Apple has been forced to pay 12 billion yen ($118 million) in back taxes, after local authorities found its iTunes division in Japan under reported income in 2014 and 2015.
The Tokyo Regional Taxation Bureau found the Apple subsidiary was sending a portion of its profit earned to another unit in Ireland. The unit paid for software licensing, and Apple didn’t pay taxes on the international transaction, according to local media reports.
Apple has already paid the tax bill, reports the Financial Times citing local media. It’s not clear when Apple paid or when the local tax authorities released their ruling against Apple.
Local news outlet Yomiuri Shimbun reports a Japanese company, in this case iTunes Japan, must pay a withholding tax rate of 20.42 percent on any royalties it pays to a foreign company.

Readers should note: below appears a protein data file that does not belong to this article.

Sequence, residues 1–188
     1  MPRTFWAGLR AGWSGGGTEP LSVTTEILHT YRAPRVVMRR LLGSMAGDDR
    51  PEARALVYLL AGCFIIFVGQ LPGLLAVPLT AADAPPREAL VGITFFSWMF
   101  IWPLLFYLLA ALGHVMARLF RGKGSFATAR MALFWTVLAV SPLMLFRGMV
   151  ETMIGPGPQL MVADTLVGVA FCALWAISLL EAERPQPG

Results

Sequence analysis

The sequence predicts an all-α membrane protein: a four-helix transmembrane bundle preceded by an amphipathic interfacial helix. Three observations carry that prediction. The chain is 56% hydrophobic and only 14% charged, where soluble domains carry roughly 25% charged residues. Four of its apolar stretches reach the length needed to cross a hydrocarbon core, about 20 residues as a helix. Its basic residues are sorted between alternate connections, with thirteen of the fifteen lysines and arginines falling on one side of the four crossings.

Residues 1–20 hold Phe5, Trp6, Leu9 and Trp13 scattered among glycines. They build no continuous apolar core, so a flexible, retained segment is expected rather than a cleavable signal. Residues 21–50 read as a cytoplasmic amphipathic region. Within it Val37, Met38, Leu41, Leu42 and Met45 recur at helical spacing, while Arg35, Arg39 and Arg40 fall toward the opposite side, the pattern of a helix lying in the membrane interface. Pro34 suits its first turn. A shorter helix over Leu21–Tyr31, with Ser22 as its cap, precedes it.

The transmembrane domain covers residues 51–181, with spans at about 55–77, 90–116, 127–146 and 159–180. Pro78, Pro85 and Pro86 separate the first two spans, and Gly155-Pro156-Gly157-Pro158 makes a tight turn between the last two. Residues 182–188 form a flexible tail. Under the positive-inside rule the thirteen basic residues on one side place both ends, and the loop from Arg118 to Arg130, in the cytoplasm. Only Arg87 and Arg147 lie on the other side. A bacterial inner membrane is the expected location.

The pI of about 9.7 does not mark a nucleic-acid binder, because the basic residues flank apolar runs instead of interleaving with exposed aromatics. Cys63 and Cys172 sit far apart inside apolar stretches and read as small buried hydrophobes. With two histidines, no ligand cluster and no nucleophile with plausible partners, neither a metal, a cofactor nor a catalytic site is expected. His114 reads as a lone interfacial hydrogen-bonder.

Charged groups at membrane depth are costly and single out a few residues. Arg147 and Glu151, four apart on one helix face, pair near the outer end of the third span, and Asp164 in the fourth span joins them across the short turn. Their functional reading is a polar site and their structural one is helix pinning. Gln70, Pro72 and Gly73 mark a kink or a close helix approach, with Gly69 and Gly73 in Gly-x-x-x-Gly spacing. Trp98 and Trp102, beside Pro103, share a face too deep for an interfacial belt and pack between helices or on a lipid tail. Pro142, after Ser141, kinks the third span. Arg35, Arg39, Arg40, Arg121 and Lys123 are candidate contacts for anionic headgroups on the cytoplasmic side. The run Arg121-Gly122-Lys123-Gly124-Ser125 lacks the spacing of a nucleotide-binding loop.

We’ve reached out to Apple for confirmation.
Apple’s tax practices in Ireland have become under increasedscrutiny. In August, the European Commission ruled Ireland should claim €13bn in ‘illegal tax benefits’ back from Apple.
The EC declared tax arrangements between Apple and Ireland had allowed the company to pay “substantially less tax” than other companies, and were illegal under state aid rules.
In an August statement, Apple said: “Both Apple and Ireland plan to appeal the decision and we are confident that it will be overturned by the courts of the European Union.”
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